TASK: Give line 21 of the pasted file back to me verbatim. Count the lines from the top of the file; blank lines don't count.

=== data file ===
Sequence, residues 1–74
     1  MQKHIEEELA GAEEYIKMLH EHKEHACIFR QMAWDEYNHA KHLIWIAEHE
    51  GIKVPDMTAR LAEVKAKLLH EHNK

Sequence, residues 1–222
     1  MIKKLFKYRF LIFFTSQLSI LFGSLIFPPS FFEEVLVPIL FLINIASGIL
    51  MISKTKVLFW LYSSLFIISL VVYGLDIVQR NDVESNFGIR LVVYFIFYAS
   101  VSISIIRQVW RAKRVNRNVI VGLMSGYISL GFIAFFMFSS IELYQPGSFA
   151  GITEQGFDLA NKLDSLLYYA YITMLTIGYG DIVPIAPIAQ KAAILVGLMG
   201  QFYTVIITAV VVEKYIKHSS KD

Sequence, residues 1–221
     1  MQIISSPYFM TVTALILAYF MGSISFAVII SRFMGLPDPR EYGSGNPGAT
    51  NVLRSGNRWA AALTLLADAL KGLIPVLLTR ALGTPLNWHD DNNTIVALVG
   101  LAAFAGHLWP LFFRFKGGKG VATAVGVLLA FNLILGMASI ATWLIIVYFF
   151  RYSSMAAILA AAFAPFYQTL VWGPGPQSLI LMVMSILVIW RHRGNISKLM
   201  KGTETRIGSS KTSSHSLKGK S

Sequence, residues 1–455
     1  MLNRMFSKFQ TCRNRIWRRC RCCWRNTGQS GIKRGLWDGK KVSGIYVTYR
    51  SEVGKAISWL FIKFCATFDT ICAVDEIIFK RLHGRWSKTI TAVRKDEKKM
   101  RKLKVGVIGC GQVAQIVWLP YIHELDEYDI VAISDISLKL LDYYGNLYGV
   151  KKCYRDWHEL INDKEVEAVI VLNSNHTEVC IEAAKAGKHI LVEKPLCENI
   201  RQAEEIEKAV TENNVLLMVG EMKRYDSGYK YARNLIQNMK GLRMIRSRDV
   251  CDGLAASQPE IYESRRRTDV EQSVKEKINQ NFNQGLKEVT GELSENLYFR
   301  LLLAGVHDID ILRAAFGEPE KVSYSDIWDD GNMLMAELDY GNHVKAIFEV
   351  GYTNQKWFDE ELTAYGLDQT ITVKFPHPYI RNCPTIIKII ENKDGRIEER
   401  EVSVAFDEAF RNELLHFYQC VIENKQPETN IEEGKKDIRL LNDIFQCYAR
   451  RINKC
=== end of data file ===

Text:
   201  RQAEEIEKAV TENNVLLMVG EMKRYDSGYK YARNLIQNMK GLRMIRSRDV